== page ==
I know NextJS is couple with the view layer but you have nuxtjs as well. I’m not saying NextJS is better. And for developers, having more options is always better than having none
Copying is the ultimate flattery, more respect to Benjamin for pioneering this and pushing the industry forward more than a year ago.
Also the idea is having a full stack framework for every view library is absurd, I actually only considered Meteor seriously after the view layer was de-coupled. Those frameworks lifespan is decided by the hype surrounding the view layers and as we have seen in the past few years, JS developers love to switch views and re-write from scratch haha.
Meteor is still the only one doing it right.
Next.js is just using the module/nomodule-pattern. What happens in three years, when all browsers support modules, but only the most recent ones support your beloved features in ES7/8/9/10… ?
Meteor, as far as I know & understand, has a mechanism that works now and in the future.
Ok, my two cents. MongoDb has version 4.2 GA (see eg: https://www.percona.com/blog/2019/08/16/long-awaited-mongodb-4-2-ga-has-landed/). Where is Meteor on that one? Not even transactions which is really important for a professional app.
Same for the Meteor driver, version 3.1.2 vs 3.3 on npm (see https://www.npmjs.com/package/mongodb) and actually giving us a headache right now because of some unexplainable transient transaction error (yes, we have gone ahead to use transactions already in a massive re-write of our app).
So this is the core package. What is done on it? Nothing much IMO, one guy, as good as he is, isn’t enough.
Maybe it’s time to give Meteor to the community and just concentrate on Apollo. Just look at what has happened to Kadira’s Storybook. He did the right think when they concentrated on something else. Same for their APM. But yet, MDG holds on to something but doesn’t update core package and drivers like MongoDb.
But yeah, why should they make MongoDb work better with Meteor when they are developing Apollo. Hmmh
Though I do agree that keeping Meteor updated with latest node and mongo packages is essential, I think it’s also important to consider that there is no indication that MDG would not accept high quality relevant PRs from the community right now. So if anyone feels like rolling up their sleeves, there’s nothing stopping them. Though this being pivotal code for Meteor, the expected level of quality should be very high and rightfully so.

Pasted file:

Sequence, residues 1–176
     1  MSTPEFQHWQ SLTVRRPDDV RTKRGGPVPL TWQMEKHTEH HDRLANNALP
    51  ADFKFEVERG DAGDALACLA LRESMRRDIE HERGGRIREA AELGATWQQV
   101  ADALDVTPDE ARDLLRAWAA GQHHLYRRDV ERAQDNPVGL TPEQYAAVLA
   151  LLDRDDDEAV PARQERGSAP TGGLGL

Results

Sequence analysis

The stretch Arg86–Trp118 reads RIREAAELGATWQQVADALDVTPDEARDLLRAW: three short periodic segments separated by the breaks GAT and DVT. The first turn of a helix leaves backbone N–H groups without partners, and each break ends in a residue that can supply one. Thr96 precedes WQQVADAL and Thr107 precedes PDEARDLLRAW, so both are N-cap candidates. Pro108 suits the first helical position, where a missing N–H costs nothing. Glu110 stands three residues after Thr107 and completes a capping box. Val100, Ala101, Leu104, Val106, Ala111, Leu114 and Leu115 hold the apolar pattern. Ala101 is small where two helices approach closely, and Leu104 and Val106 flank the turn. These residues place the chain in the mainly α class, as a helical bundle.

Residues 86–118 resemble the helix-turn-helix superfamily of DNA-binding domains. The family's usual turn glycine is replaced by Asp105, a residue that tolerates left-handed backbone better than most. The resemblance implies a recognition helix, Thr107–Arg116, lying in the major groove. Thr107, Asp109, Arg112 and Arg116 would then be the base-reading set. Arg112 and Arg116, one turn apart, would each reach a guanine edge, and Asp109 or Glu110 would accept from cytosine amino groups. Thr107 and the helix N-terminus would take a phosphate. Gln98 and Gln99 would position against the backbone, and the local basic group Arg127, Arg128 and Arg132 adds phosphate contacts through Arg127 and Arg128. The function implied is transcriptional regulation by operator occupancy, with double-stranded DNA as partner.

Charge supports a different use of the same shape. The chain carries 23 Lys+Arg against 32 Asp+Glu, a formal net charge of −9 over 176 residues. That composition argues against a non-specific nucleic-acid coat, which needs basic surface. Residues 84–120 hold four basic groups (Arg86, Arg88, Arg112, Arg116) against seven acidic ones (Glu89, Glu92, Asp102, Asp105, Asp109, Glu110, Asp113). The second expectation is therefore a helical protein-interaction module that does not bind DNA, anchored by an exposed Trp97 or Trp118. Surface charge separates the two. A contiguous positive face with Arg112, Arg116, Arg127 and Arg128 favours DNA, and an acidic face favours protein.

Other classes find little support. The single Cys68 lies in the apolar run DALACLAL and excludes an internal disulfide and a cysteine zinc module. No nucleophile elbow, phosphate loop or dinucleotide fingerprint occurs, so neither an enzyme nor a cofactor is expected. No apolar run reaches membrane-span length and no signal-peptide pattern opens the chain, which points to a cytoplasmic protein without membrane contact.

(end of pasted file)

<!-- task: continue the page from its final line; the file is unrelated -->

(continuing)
And by saying this I definitely don’t want to downplay the importance of updated mongo. I’m hit with mongo transaction problems as well.
I don’t see how small and bootstrapped SW development companies like mine are contributing to MDG’s bottom line by submitting high quality code.
Just pull out of it and the situation changes. You can’t sit on it (and do nothing to very little) and have control over it whilst expecting others to work for you. It doesn’t work that way IMO.
I mean the world has moved on, we’re not talking about some cosmetic changes that MongoDB did to it. TXN is a significant step up and it has done wonders for our app in terms of avoiding data integrity problems due to errors happening midway through operations that are all part of a larger transaction.
Now we just rollback and we can concentrate on replicating the error on the exact same data vs spending days on trying to fix all the complicated relationships in our NoSQL db (yes, there are many relationships between the collections).
The current version of Meteor is a nightmare and like we all have written many times it is excellent for quick MVP development but it clearly is no longer ready for large scale, professional development with heavy duty on the backend. If you have a simple backend it is probably still ok to use.
I once heard it opined that view platforms have about a 5 year cycle. Server tech is longer, between 10-20. React in many feels like it’s at peak, and now they are making ideological choices at the cost of practical solutions (see their absolute insistence that no “side-effects” be created in render methods, and corresponding refusal to create any kind of practical tool to help manage cases when we do need to create side effects). We are at 6 years, so I guess that makes sense.
This to me is a part of the problem with the state of Meteor. There is some great work being done, but not a lot of communication.